* W. T. Carleton of Loston painted an exquisite picture, entitled “ Waiting for the Hour," depicting their anxiety who waited for the time when the chains would fall as the proclamation came in force on the first day of January, 1863. This picture was afterward presented to President Lincoln.
† Among other hearty tributes to the President was one entitled “God bless Abraham Lincoln!” It was written by Mrs. Caroline A. Mason, whose touching song, “Do they miss me at home?” has been sung by Union soldiers with tearful eyes beside many a camp-fire and in many a hospital. Her poem closes thus:
“God bless him: can we more? In this
The perfectness of human bliss,
And so God bless him! Once again
formally assemble and thank God for victories in East Tennessee, was issued in December, 1863. Ono to which allusion is here specially made was as follows:
“ It has pleased Almighty God to hearken to the supplications and prayers of an afflicted people, and to vouchsafo to the army and the navy of the United States, on the land and on the sea, victories so signal and so effective as to furnish reasonable grounds for augmented confidence that the union of these States will be maintained, their constitutions preserved, and their peace and prosperity permanently preserved.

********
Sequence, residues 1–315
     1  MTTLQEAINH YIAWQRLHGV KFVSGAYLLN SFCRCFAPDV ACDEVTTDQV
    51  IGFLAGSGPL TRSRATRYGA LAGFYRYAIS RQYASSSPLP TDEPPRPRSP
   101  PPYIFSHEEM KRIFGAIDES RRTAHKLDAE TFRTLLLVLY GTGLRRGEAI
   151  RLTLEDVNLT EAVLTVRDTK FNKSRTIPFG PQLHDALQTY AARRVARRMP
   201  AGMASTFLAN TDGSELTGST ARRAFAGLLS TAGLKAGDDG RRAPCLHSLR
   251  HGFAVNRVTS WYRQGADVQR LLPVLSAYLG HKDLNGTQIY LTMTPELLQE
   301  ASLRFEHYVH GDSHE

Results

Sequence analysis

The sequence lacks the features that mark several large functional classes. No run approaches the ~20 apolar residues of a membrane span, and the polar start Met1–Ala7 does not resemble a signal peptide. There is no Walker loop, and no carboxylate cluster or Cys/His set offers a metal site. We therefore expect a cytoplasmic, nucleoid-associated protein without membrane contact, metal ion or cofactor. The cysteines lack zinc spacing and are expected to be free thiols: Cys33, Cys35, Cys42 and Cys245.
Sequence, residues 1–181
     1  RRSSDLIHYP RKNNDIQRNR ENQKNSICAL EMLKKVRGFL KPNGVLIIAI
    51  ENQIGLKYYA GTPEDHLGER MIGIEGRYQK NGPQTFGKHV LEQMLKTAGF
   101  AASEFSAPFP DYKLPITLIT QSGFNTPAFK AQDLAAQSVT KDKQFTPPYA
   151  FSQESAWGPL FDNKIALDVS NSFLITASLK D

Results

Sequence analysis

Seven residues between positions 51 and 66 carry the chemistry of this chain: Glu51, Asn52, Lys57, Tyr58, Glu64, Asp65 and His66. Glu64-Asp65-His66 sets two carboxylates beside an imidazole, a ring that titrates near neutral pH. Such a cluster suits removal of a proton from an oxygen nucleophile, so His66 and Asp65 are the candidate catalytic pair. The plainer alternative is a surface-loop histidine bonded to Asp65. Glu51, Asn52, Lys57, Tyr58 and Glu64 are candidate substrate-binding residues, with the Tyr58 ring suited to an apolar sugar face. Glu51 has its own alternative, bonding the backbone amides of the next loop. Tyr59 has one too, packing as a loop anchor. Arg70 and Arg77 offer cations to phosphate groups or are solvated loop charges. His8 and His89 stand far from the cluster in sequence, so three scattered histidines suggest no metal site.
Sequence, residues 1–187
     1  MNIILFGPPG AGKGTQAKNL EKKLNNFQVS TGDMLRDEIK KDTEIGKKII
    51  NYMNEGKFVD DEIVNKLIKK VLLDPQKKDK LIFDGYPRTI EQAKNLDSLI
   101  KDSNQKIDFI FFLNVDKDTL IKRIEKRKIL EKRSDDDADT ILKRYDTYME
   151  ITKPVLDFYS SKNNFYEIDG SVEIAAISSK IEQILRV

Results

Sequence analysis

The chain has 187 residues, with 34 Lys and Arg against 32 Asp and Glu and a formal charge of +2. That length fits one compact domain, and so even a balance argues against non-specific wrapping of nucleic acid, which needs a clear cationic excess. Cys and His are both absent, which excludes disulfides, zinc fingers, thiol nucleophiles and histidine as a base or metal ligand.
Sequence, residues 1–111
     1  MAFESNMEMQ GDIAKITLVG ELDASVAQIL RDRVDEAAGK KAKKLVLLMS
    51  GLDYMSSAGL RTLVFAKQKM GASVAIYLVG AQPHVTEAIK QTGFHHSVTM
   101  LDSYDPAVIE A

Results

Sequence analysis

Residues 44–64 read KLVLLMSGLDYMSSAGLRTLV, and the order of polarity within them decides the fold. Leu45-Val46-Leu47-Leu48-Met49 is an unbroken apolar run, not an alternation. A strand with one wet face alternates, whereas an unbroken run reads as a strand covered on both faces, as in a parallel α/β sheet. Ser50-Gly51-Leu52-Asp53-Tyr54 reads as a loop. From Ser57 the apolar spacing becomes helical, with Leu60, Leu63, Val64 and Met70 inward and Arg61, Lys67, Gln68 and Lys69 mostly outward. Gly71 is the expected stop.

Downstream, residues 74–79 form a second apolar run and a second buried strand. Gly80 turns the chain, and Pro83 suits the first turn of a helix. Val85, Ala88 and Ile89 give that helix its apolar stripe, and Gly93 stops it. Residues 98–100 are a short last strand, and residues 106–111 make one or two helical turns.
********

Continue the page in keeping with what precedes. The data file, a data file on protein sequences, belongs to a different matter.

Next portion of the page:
" But these victories have been accorded not without sacrifice of life, limb, and liberty, incurred by the brave, patriotic, and loyal citizens. Domestic affliction in every part of the country follows in the train of these fearful bereavements. It is meet and right to recognize and confess the presence of the Almighty Father, and the power of his hand, equally in these triumphs and these sor
Now, therefore, be it known that I do set apart Thursday, the sixth day of August next, to be observed as a day for national thanksgiving, praise, and prayer: and I invite the people of the United States to assemble on that occasion in their customary places of worship, and, in the forms approved by their own conscience, render the homage due to the Divine Majesty for the won. derful things he has done in the nation's behalf, and invoke the influence of bis Holy Spirit to subdue the anger which has produced and so long sustained a need. less and cruel rebellion ; to change the hearts of the insurgents; to guide the counsels of the Government with wisdom adequate to so great a national emergency; and to visit with tender care and consolation, throughout the length and breadth of our land, all those who, through